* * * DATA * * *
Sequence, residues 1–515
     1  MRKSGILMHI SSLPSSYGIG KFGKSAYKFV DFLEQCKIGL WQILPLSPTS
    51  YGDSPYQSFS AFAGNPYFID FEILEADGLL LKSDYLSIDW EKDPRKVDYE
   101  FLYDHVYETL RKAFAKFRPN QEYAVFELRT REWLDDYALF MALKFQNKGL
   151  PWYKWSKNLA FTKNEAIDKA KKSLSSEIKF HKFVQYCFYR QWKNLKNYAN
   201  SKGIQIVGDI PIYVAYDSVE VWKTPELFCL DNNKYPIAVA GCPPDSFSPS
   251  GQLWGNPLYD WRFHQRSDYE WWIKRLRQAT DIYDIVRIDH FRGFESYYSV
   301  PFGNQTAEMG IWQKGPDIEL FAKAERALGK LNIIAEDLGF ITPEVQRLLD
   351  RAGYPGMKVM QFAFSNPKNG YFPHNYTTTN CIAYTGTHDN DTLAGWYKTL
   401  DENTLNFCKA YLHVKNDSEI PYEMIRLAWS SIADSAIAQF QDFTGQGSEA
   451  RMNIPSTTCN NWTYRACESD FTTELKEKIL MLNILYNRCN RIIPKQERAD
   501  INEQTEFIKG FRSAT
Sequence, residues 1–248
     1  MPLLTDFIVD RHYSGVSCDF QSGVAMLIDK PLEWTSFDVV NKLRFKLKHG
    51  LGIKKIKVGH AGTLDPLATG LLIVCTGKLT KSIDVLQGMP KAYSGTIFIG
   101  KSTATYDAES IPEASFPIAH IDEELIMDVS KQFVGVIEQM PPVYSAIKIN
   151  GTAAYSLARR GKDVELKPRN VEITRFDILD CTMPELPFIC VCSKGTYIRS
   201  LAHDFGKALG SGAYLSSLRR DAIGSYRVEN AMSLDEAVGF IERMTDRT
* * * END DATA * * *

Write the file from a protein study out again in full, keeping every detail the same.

Sequence, residues 1–515
     1  MRKSGILMHI SSLPSSYGIG KFGKSAYKFV DFLEQCKIGL WQILPLSPTS
    51  YGDSPYQSFS AFAGNPYFID FEILEADGLL LKSDYLSIDW EKDPRKVDYE
   101  FLYDHVYETL RKAFAKFRPN QEYAVFELRT REWLDDYALF MALKFQNKGL
   151  PWYKWSKNLA FTKNEAIDKA KKSLSSEIKF HKFVQYCFYR QWKNLKNYAN
   201  SKGIQIVGDI PIYVAYDSVE VWKTPELFCL DNNKYPIAVA GCPPDSFSPS
   251  GQLWGNPLYD WRFHQRSDYE WWIKRLRQAT DIYDIVRIDH FRGFESYYSV
   301  PFGNQTAEMG IWQKGPDIEL FAKAERALGK LNIIAEDLGF ITPEVQRLLD
   351  RAGYPGMKVM QFAFSNPKNG YFPHNYTTTN CIAYTGTHDN DTLAGWYKTL
   401  DENTLNFCKA YLHVKNDSEI PYEMIRLAWS SIADSAIAQF QDFTGQGSEA
   451  RMNIPSTTCN NWTYRACESD FTTELKEKIL MLNILYNRCN RIIPKQERAD
   501  INEQTEFIKG FRSAT
Sequence, residues 1–248
     1  MPLLTDFIVD RHYSGVSCDF QSGVAMLIDK PLEWTSFDVV NKLRFKLKHG
    51  LGIKKIKVGH AGTLDPLATG LLIVCTGKLT KSIDVLQGMP KAYSGTIFIG
   101  KSTATYDAES IPEASFPIAH IDEELIMDVS KQFVGVIEQM PPVYSAIKIN
   151  GTAAYSLARR GKDVELKPRN VEITRFDILD CTMPELPFIC VCSKGTYIRS
   201  LAHDFGKALG SGAYLSSLRR DAIGSYRVEN AMSLDEAVGF IERMTDRT